What the Ghoti?!


The way sadness works is one of the strange riddles of the world. If you are stricken with a great sadness, you may feel as if you have been set aflame, not only because of the enormous pain, but also because your sadness may spread over your life, like smoke from an enormous fire. You might find it difficult to see anything but your own sadness, the way smoke can cover a landscape so that all anyone can see is black. You may find that if someone pours water all over you, you are damp and distracted, but not cured of your sadness, the way a fire department can douse a fire but never recover what has been burnt down.

- Lemony Snicket, The Grim Grotto (via thecountercurseisunjellify)

It’s like everything I poured into a glass came out the bottom and I just kept on pouring. Like the thing had a hole in it, you know. Things that make me right for this job, maybe they’re the same things that make me wrong for everything else.

- The Wire — Det. Jimmy McNulty (via jazz-life)

(Source: 00841)

What do you mean you haven’t read it?

I read a bit. I’ve read quite a bit, fairly widely too, I think. I don’t ‘devour’ books, the way some people do, and many more claim to, largely because I read quite slowly, and tend to get distracted. I read, and I enjoy it. Still, with the advent of digital books, and the apparent resulting resurgence in reading, the main forms of reader’s snobbery annoy me more every day. And what does Faheem do when things annoy him? Blog about them, of course.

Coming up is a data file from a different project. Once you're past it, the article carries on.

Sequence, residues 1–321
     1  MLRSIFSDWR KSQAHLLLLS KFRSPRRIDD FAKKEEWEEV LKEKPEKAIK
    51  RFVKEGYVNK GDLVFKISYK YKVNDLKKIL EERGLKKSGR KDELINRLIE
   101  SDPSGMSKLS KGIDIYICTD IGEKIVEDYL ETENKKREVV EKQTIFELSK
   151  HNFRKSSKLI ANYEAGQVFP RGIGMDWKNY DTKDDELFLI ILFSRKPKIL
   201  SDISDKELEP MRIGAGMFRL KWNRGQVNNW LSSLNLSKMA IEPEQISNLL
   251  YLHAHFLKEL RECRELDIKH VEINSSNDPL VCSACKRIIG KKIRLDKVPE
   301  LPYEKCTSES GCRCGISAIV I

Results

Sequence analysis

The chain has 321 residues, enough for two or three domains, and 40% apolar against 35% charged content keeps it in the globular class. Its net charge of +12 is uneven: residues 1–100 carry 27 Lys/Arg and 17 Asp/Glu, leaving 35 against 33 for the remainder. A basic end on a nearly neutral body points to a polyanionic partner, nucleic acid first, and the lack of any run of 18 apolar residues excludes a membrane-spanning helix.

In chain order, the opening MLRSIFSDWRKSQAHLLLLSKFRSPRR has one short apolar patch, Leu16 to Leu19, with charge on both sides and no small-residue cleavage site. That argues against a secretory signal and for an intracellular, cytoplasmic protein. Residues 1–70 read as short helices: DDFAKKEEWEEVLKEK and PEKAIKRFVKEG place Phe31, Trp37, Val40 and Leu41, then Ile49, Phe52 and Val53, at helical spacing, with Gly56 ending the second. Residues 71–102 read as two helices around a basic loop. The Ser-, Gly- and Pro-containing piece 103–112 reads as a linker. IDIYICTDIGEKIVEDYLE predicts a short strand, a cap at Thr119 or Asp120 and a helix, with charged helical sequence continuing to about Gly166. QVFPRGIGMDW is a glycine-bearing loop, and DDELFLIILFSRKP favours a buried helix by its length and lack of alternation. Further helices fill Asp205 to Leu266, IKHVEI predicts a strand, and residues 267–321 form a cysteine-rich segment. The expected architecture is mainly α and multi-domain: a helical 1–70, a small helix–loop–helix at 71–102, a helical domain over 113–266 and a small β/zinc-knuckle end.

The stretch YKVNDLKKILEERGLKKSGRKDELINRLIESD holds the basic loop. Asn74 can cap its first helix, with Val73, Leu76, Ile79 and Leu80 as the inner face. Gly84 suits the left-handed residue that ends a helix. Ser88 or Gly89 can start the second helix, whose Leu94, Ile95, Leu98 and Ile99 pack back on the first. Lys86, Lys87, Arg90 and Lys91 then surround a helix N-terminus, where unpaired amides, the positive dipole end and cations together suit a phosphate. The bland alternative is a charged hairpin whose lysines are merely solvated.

Text is an incredibly effective means of communicating information. Actually, that’s not true. It is credible. We’ve come to terms with it. It is a fantastic way of conveying ideas, imagery and style, and is certainly capable of delivering large volumes of information extremely efficiently. It’s not necessarily the best way in all circumstances. It’s certainly not the only way.

Don’t get me wrong, there is a historical tendency for people who don’t enjoy reading to be less educated, less informed, and what some may call ‘less cultured’. I accept that. But this is changing. In fact, it has changed. Some of the most interesting people I know don’t read, and the opposite, we all know, is certainly true.

Secondly, there is a lot of drivel that gets published, and read by many people, but so what? They enjoy it, so let them enjoy it. Not everything everyone reads needs to cause some sort of self-improvement.

And while we’re on the topic of books that can result in self-growth, I’d like to acknowledge the many people who read these books for the sake of having read them, just to casually mention at a later stage.

"Oh did you see the news last night?"

"Yes! Oh, sorry, I thought you said ’Did Ulysses’. I’ve just finished reading it and I like the way Joyce contrasts the…" etc etc.